Christa Reichel – on the right – with her partner Nora Golden in the Ballydehob Pottery Studio, which they founded in 1967
Christa trained as a sculptor at the City and Guilds in London in the 1950s. She found a natural affinity in working with clay – malleable, pliable and enduring. With her husband Frank they settled initially in Northern Ireland, but eventually found in West Cork a fascinating, mystical landscape and a timeless way of life. They resurrected an ancient tumble-down farmhouse in the townland of Gurteenakilla, and created the very first West Cork craft pottery. Frank was lured away to London and Christa continued, with the help of Nora Golden, to develop the studio and found the artists’ community which BAM now celebrates.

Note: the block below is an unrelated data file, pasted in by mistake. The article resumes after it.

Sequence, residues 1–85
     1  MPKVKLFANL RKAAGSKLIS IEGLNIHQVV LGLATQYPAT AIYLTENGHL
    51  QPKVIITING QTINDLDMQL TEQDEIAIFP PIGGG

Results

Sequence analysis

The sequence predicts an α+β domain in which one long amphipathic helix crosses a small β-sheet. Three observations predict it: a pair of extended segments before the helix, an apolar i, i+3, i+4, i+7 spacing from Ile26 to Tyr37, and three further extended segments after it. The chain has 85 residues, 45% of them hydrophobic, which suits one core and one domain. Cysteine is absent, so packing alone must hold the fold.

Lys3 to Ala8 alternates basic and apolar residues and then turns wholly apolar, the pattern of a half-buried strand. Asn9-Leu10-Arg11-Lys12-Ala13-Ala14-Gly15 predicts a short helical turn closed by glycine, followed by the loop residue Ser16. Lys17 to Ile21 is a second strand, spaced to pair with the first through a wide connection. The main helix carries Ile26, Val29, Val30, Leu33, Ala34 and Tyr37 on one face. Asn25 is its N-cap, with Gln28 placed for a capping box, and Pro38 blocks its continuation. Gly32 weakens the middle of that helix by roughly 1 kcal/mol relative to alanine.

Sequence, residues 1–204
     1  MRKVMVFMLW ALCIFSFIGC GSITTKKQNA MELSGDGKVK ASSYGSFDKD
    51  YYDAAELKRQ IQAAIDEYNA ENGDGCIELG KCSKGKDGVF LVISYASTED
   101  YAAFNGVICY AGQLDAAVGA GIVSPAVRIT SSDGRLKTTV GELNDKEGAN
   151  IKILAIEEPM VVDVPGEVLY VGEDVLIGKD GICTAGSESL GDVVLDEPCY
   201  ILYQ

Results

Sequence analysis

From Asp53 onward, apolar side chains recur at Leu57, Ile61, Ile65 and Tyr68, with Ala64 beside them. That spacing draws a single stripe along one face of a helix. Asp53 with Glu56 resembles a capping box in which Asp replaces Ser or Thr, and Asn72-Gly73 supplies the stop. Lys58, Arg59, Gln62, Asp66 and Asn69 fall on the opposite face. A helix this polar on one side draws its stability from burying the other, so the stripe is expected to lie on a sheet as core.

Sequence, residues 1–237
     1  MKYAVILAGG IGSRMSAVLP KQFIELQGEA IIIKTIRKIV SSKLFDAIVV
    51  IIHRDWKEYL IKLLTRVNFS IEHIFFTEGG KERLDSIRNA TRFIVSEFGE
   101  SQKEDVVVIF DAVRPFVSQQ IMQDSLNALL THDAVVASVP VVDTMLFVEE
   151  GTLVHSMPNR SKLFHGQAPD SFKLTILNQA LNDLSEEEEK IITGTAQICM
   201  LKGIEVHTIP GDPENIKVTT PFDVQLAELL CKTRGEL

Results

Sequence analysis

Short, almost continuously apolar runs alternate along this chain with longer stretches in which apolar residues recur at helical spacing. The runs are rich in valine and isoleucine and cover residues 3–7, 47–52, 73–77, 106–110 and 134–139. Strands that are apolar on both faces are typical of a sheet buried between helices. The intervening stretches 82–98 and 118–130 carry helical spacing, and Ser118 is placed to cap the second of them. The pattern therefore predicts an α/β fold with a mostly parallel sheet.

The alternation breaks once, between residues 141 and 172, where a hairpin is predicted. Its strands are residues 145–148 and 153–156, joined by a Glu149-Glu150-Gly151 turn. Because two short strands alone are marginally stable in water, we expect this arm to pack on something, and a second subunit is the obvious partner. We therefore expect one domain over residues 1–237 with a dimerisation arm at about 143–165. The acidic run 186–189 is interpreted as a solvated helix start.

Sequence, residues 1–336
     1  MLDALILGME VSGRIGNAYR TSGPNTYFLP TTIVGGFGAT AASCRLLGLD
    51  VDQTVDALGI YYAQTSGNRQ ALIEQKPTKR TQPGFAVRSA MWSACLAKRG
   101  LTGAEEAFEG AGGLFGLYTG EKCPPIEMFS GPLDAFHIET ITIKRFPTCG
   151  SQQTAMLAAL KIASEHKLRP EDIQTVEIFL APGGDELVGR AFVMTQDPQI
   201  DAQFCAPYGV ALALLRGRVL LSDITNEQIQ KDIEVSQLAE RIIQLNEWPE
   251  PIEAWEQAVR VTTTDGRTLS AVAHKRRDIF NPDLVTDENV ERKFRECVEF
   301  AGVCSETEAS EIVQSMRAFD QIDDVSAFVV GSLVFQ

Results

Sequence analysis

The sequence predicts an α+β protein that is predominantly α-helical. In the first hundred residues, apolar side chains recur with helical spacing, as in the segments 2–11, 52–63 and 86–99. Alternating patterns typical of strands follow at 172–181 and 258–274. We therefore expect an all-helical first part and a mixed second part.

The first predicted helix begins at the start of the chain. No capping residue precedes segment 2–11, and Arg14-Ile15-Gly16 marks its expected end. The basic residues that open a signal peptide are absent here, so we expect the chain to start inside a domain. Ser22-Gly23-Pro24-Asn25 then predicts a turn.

Christa Reichel’s importance historically is, therefore, without question. She also produced distinctive clayware using moulds which she designed. Decoration was applied using cobalt, copper and iron oxides and the pots and dishes were fired in an electric kiln.
In 1968 Reichel and Golden formed Ballydehob Artists Ltd and opened the Flower House in Ballydehob. This became a centre for artists, providing a shop, gallery and studios. For a time the little village was a powerful centre of creativity. Reichel moved on in the 1970s to find other inspirations, but she had laid the foundations of art and enterprise which continue in West Cork to this day.
Large platter and pot: clayware by Christa Reichel